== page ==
Using a bad analogy in your marketing content is like giving a presentation while naked. People might hear the occasional point you want to make, but they’ll be massively distracted and slightly confused.
Story-telling in marketing is so powerful, so it’s tempting to use an analogy in your sales copy to sell the benefits of what you have, make you stand out and make you memorable.
But you’ve got to choose the right kind.
Bad analogies: don’t squeeze into the story
While some analogies increase the value of your offer, others can feel like you’re wearing too tight clothes: uncomfortable, restrictive and prone to unsightly bulges.
The problem occurs when you come up with the story first, and try to make your product fit into it.
A cracking example of this was a comedy character from a sketch show in the UK. “Swiss Toni” is a used car salesman and constantly imparts wisdom onto his employee.
Every single piece of advice he gave, no matter what it is, uses the same analogy: making love to a beautiful woman.
The below clip is one of the more safer ones I could choose. 🙂
This is an extreme example, but it highlights the absurdity of trying to make everything fit the analogy.
In marketing copy though I have seen businesses use analogies that just don’t fit well because, like in the video, the 2 examples aren’t comparable.
How to avoid squeezing into the story
Very quickly, ask yourself:
Does the analogy mirror something your customer already understands and agrees with?
Does it amplify the perceived value of your offer?
1. Build on what they already know (and like)
If I’m talking to my husband, (a banjo-maker) about content marketing, I’ll often translate it into some kind of banjo analogy. It works, and not just because I get his attention by saying the word ‘banjo’ but because I give him familiar hooks that he understands.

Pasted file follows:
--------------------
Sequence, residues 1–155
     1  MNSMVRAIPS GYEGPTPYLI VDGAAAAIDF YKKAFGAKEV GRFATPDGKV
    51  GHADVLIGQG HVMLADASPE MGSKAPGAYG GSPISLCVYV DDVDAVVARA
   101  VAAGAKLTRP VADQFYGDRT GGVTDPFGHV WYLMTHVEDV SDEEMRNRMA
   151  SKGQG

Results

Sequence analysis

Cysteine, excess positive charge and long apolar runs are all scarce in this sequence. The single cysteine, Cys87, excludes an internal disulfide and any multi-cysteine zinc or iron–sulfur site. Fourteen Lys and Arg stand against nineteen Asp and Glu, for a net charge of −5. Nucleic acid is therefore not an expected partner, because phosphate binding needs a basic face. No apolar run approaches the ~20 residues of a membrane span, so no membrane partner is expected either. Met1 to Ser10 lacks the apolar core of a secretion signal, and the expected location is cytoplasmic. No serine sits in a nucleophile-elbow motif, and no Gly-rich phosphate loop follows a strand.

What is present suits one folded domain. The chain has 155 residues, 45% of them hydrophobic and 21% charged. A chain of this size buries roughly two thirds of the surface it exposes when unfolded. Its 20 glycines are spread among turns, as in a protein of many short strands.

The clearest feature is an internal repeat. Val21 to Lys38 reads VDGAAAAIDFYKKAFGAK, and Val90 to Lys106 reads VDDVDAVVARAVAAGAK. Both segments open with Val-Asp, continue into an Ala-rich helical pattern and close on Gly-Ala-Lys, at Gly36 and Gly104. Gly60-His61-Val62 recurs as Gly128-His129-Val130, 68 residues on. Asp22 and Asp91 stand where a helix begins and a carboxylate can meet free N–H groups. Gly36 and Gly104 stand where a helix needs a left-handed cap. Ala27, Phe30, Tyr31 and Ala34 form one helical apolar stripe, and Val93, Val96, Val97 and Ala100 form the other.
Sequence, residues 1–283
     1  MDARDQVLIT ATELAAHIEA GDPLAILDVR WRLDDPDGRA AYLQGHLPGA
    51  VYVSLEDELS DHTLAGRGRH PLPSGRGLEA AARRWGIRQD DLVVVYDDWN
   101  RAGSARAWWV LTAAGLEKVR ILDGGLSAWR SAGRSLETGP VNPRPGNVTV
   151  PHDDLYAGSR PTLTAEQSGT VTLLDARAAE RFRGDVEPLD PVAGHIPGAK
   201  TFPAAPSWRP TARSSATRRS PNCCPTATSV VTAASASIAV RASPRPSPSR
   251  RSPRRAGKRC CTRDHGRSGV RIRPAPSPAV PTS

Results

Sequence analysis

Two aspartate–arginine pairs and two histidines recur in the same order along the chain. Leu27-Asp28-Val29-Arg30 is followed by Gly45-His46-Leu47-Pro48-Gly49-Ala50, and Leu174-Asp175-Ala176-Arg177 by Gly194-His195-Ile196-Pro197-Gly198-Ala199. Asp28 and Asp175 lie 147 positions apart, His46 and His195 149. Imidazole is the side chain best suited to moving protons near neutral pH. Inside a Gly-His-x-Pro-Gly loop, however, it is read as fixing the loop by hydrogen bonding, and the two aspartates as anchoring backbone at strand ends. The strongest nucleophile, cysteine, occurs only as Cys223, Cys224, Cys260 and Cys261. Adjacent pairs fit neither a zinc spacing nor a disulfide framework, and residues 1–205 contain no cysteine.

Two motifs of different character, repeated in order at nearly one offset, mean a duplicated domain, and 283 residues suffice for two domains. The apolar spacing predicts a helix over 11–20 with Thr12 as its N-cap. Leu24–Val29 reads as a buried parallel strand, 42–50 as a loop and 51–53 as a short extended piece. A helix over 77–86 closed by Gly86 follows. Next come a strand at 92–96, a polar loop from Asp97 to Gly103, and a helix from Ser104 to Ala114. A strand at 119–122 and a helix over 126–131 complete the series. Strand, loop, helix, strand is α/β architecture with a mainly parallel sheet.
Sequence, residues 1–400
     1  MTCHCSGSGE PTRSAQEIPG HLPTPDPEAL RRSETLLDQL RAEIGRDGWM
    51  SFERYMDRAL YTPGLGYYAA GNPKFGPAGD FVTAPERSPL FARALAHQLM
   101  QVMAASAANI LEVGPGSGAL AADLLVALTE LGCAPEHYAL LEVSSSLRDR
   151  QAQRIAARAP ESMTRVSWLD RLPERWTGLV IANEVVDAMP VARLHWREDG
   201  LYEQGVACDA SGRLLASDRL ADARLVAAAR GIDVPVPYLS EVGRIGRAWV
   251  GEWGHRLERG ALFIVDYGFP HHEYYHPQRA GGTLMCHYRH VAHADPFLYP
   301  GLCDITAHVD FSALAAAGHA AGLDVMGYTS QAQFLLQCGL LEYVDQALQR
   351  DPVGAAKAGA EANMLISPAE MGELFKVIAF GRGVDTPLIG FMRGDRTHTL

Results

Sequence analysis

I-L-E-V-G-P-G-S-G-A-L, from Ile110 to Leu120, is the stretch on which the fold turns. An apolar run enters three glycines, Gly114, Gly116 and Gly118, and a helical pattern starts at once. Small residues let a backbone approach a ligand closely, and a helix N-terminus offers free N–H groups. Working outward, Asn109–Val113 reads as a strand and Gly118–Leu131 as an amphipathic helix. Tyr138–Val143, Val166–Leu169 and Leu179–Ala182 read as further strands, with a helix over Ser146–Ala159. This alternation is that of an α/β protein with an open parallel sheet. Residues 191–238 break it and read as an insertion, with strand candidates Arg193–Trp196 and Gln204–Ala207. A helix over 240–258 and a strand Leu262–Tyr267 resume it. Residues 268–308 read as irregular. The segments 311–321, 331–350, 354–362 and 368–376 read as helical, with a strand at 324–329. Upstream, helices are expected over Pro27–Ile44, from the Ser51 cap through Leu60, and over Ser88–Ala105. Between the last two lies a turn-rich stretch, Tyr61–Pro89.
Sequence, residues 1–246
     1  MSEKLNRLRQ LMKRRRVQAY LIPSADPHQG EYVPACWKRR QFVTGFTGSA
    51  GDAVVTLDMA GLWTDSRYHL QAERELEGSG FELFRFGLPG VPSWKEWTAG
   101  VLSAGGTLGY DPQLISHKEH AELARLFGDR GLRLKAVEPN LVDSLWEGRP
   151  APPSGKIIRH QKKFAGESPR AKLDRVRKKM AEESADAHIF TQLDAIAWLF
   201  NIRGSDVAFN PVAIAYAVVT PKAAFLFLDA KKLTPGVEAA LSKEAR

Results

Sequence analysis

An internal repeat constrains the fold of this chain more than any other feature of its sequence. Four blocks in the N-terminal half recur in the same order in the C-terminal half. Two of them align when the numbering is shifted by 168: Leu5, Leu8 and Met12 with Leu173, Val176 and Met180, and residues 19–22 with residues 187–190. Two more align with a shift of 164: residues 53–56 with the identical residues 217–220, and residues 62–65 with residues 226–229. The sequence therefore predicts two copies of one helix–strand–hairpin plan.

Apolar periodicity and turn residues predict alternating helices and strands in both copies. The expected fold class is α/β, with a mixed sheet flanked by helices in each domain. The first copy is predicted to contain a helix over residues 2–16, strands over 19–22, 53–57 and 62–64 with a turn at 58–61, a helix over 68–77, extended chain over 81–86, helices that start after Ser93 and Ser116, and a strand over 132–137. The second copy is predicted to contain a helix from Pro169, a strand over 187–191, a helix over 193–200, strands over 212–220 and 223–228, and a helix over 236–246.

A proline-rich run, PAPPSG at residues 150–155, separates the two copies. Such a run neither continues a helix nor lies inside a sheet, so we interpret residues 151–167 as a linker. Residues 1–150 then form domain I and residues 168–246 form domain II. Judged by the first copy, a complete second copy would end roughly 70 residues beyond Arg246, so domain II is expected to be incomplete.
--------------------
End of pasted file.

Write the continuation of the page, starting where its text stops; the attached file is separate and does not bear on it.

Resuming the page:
Let’s say you’re a printing firm, and you’re advertising your choice of brochures.
You might mention to your customers that you know they understand the value of making a strong, first impression. You might use the analogy of arriving at a networking event and making sure their clothes or style matched the professional image they wanted to present. You could then easily talk about how a professionally printed brochure makes the same professional impression on a prospect, even when they’re not there.
It basically works like this:
Hey, here’s something you already agree with (personal image can help make a good impression)
In which case, this should also make sense to you (the image of your marketing materials can also help make a good impression)
2. Amplify the value
I was working on a sale page for a fab, best-selling author who was launching an online business coaching resource. After researching the materials and seeing what people received, I suggested that we position the course as going to college or university.
It worked because there were similar themes between the resource and college:
- Customers would have a lively community of peers
- There was a foundational course as well as specialist courses they could choose depending on their interests and goals
- There were regular live events, similar to seminars
- Members had access to mentors and tutors
As we developed this theme throughout, it achieved 2 things:
- It built the excitement and anticipation by getting customers to imagine the excitement of starting college or university
- It increased the perceived value when customers compared it to the cost of actually taking a business course at college
Can you align your business with something your customer already holds in high esteem? Can you get them nodding along to a concept and then explain why what you have is just the same? That is the key to a strong, persuasive analogy.
Struggling to find a powerful analogy for your product or service? Pop your questions or challenges in the comments below.
Yup … gotta speak your customer’s language, and also avoid analogies that might offend them as well! Excellent as always!
Amy Harrison says
Thanks so much for commenting Reba! Not offending your reader is a biggie – forgot to mention that, thanks! 😉